Table 1: National Core Maternity Indicator Status
Indicator Indicator specifications approved by NHIPPC* Status as at June 2018
Antenatal Indicators

 

 

 

1. Smoking in pregnancy for all women giving birth Yes Published 2011 to 2017
2. Antenatal care in the first trimester for all women giving birth Yes Published 2011 to 2017
20. Models of care No Referred for further work elsewhere(a)
Labour and Birth Indicators    
Selected women    
5. Induction of labour for selected women giving birth for the first time

Yes

Published 2004 to 2017

6. Caesarean section for selected women giving birth for the first time

Yes

Published 2004 to 2017

7. Unassisted (non-instrumental) vaginal birth for selected women giving birth for the first time

Yes

Published 2004 to 2017

8. Assisted vaginal birth for selected women giving birth for the first time

Yes

Published 2004 to 2017

All women

 

 

3. Episiotomy for women having their first baby and giving birth vaginally

Yes

Published 2011 to 2017

9. General anaesthetic for women giving birth by caesarean section

Yes

Published 2007 to 2017

11. High-risk women undergoing caesarean section who receive appropriate pharmacological thromboprophylaxis

No

Not to be reported(b)

15. Women having their second birth vaginally whose first birth was by caesarean section

Yes

Published 2007 to 2017

17. One-to-one care in labour

No

Not to be reported(c)

18. Caesarean sections at less than 39 completed weeks gestation (273 days) without obstetric/medical indication

No

Further development required(d)

Birth outcome Indicators

 

 

4. Apgar score of less than 7 at 5 minutes for births at term

Yes

Published 2004 to 2017

10. Small babies among births at or after 40 weeks gestation

Yes

Published 2004 to 2017

12. Babies born at or after 37 completed weeks gestation admitted to a neonatal intensive care nursery or special care nursery for reasons other than congenital anomaly

No

Further development work done in 2015-16

13. Third and fourth degree tears for (a) all first births and (b) all births

Yes

Published 2013 to 2017

14. Blood loss of (1) >1,000 mL and < 1,500 mL and (ii) ≥1,500 mL during first 24 hours after the birth of the baby (i.e. primary PPH) for (a) vaginal births and (b) caesarean sections No

Further development required(d)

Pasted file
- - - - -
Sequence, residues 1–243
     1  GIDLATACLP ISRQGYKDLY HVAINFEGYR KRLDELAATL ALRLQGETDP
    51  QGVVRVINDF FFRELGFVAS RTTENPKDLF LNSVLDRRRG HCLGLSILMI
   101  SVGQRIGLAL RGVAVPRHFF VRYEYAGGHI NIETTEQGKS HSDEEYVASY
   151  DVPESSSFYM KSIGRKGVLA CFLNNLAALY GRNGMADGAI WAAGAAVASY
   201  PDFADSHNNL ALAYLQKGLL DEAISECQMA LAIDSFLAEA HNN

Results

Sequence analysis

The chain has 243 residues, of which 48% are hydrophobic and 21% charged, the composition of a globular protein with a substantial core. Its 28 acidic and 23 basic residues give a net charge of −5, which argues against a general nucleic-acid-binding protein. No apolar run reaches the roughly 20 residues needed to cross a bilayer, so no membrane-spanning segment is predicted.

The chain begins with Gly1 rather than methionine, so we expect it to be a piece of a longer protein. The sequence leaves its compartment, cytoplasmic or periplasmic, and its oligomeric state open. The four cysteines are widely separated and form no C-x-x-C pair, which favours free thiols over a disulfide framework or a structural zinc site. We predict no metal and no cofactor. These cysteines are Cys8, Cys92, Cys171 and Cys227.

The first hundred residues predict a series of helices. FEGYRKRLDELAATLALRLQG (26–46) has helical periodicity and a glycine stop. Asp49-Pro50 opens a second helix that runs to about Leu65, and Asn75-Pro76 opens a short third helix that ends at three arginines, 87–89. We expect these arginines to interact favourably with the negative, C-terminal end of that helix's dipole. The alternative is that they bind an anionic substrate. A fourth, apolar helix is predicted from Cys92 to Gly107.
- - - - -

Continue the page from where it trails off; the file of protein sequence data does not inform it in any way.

16. Separation of baby from the mother after birth for additional care No Not to be reported(c)
19. Supporting breastfeeding No Referred for further work elsewhere(e)

21. Skin-to-skin contact after birth

No

Further development work done in 2015–16

* National Health Information and Performance Principal Committee (NHIPPC) is now retired and has been replaced by the National Health Data and Information Standards Committee (NHDISC).

  1. Work on this indicator will be covered by the National Maternity Data Development Project.
  2. The AIHW ECG recommended in 2013 that further development not be progressed. All jurisdictions agreed with this recommendation. This related to significant data quality issues.
  3. Maternity Services Inter-Jurisdictional Committee (MSIJC) recommended that further development of this indicator not be progressed.
  4. The data item underlying this indicator began to be reported voluntarily in 2014. National data is anticipated by 2018–19, prior to which indicator specifications will need to be sent for approval.
  5. Work on this indicator was referred to the National Child Health and Wellbeing subcommittee of the Australian Population Health Development Principal Committee of the Australian Health Ministers’ Conference (AHMC).

References

  • AIHW NPESU (Australian Institute of Health and Welfare National Perinatal Epidemiology and Statistics Unit) & AIHW 2013. National core maternity indicators. Cat. no. PER 58. Canberra: AIHW.
  • Commonwealth of Australia 2009. Improving maternity services in Australia: report of the maternity services review. Canberra: Commonwealth of Australia.
  • DoHWA (Department of Health, Western Australia) 2007. Improving maternity services: working together across Western Australia: a policy framework. Perth: Government of Western Australia, Department of Health.
  • Fahy K, Robinson J, Douglas NF & KEMH (King Edward Memorial Hospital) 2001. Inquiry into obstetric and gynaecological services at King Edward Memorial Hospital 1990–2000: final report 2001. Perth: Government of Western Australia, Department of Health.
  • WHA (Women’s Healthcare Australasia) 2007. Supporting excellence in maternity care: the core maternity indicators project: findings from the core maternity indicators project. Canberra: WHA.